As I mentioned in my first post on this topic, there are many ways that eCommerce user experience designers and developers can drive an engaging online experience simply by leveraging the basic structure and usability pillars of video game design. I specifically discussed the pillars of Fascination, Urgency, and Imperfection, and how they can be applied to eCommerce when trying to develop an engaging and unique customer experience.
In part two of this post, I’ll focus on the remaining three design pillars to consider: Naturalism, Time, and Purpose.
Naturalism / Sense of Self
In a video game, if the player believes the environment they’re playing in feels “real”, it doesn’t take long for them to become completely immersed in the experience. While creating a similar experience in eCommerce can be challenging, there are many sites that do this well. For example, Warby Parker lets you upload a picture of yourself to their website to virtually “try-on” a particular set of frames. Some clothing sites are doing the same. They’re creating 3D models of clothing, then simulating the look and behavior of a garment on an uploaded photo of the shopper. To some shoppers, this level of personalization can mean all the difference. After all, naturalism and sense of self go hand-in-hand. To a shopper, online or otherwise, the natural world includes them. Without providing this sense for the user, the online experience would feel very artificial and empty.
While the “time” pillar may seem closely related to the urgency pillar I discussed in my first post, there’s another factor here to consider…the passage of time. To keep an online shopping site fresh and interesting, time should be accurately represented. Again, it makes the user feel immersed in the experience. And while I’m not suggesting you take it as far as the game Farmville does (which has everyone from Senior Executives to Soccer Moms waking up at 4am to water virtual crops), it does make sense to feel as “real-time” as possible for your users. After all, apparel sites don’t merchandise the same products in the winter as they do in the spring. And while your products may not be as inherently seasonal as the apparel business, chances are there is something you could regularly change about your customer experience site that represents the passage of time and seasonality, and the applicability of your products over time.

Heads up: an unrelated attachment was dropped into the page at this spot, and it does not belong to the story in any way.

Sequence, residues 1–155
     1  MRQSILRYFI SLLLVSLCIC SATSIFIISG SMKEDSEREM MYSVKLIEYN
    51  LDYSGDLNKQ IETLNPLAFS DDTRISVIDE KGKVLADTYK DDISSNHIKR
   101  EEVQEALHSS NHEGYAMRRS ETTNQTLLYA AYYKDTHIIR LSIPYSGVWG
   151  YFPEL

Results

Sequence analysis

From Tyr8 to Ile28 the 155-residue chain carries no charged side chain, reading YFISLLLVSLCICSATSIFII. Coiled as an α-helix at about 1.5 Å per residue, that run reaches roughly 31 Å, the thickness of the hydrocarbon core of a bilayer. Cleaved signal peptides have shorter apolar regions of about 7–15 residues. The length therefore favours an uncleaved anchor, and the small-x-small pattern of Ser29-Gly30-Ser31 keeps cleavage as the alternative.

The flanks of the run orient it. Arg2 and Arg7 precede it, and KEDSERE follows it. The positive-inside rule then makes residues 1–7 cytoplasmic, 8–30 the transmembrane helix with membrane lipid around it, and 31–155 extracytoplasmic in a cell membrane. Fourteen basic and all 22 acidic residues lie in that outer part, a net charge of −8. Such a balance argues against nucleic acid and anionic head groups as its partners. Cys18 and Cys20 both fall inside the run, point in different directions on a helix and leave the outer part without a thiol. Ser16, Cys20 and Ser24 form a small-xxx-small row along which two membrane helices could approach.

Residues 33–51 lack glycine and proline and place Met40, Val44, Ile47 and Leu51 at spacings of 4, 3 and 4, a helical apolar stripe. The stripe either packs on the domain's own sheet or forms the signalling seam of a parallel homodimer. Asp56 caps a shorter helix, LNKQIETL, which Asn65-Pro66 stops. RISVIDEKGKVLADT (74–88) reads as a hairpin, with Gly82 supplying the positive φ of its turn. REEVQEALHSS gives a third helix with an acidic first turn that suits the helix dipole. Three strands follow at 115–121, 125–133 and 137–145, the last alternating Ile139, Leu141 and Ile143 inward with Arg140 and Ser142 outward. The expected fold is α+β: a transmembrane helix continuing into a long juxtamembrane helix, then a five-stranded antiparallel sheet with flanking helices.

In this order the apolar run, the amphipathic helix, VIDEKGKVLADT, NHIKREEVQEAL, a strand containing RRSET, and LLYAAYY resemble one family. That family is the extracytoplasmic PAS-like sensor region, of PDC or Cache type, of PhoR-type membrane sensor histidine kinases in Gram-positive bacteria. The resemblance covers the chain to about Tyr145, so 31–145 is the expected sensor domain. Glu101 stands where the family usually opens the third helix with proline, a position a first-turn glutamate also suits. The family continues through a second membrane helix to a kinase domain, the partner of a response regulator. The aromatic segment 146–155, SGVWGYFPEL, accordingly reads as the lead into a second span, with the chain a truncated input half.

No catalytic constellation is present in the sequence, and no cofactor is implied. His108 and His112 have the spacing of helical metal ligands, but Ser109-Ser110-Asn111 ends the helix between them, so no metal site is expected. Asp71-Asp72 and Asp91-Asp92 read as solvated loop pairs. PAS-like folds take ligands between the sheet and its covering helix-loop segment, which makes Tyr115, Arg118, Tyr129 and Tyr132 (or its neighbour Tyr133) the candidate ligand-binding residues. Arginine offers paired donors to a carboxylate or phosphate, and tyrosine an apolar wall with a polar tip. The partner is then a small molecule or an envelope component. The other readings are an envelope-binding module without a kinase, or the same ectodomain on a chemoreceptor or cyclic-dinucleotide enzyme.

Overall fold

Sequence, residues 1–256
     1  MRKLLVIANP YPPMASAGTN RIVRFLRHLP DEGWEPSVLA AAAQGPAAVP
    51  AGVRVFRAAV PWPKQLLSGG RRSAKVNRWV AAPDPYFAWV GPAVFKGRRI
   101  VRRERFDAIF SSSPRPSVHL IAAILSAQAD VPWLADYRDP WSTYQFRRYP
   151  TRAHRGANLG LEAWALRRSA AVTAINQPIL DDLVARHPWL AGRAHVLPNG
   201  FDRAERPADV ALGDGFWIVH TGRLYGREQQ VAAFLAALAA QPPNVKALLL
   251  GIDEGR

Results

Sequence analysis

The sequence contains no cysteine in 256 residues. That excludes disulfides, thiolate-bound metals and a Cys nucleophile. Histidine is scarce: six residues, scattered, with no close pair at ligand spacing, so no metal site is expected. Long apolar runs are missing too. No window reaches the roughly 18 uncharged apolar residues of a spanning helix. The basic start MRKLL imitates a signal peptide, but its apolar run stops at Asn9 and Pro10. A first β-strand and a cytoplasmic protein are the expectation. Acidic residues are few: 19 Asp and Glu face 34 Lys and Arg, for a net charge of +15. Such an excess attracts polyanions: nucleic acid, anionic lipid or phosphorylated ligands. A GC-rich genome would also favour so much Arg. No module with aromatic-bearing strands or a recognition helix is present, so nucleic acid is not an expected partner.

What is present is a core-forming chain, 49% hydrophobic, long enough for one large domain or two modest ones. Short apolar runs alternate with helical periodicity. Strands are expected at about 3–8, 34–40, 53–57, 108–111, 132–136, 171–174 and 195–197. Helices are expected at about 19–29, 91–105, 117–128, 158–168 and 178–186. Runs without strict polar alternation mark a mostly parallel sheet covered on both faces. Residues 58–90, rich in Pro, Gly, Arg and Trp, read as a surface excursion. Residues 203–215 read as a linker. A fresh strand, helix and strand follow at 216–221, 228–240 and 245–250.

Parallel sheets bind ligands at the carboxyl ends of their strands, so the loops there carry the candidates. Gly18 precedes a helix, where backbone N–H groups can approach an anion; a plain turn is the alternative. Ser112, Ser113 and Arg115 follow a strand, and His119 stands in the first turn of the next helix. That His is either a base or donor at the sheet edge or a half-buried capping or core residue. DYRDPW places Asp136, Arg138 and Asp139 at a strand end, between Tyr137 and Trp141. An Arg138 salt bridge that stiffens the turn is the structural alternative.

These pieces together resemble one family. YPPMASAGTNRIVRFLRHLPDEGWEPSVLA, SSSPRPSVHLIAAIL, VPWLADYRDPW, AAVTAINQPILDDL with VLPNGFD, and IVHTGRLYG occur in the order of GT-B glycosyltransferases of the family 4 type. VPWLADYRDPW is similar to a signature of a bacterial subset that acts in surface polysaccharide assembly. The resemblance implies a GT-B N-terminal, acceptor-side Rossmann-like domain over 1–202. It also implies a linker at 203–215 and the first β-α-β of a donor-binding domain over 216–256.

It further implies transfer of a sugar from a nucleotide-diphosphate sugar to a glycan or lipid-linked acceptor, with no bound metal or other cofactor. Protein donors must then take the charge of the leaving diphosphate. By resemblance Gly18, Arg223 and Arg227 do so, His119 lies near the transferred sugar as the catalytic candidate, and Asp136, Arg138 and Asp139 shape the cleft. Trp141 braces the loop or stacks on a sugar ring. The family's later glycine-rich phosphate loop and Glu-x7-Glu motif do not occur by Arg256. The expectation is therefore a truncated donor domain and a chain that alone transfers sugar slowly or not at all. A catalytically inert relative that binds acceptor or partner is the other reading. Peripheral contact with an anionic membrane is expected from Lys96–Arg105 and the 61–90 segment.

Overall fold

As I’ve mentioned, your user experience should always put the shopper at the center of the story, and the story should have a purpose. A sense of purpose, in the form of identity or accomplishment, will give the shopper more than they purchased. It will provide that extra intangible that builds pride in the purchase and momentum for the brand. Gamification and Social Commerce are a great way to provide these. Just like in games, online shoppers like to feel invested and have long-term goals. Providing intrinsic rewards for writing reviews, answering questions, and social sharing can deepen engagement between online shopper and merchant. Easter Egg campaigns, such as Bonobos’ Scavenger hunt system and interactive shopping games, such as Teleflora’s Gamified Engagement Platform and Nike’s “Winter’s Angry” Game not only get shoppers engaged with a brand, they also create loyalty and increases revenue.
Think about it. Most teenage kids cry boredom at the drop of a hat, yet they can stay engaged in a game for tens of hours at a time. But it’s not just video games that can teach us how to better engage our consumers. There‘s so much to learn from the world around you, and focusing only on the bubble of eCommerce can lead you down a road towards sameness and boredom. You must have an engaging experience to succeed. And what better way to drive engagement than to take a page out of the video game handbook?
The next time you happen to be playing a game, any game, recognize how it captivates and motivates you to continue playing. These factors can be used in similar ways to captivate and motivate shoppers on your site.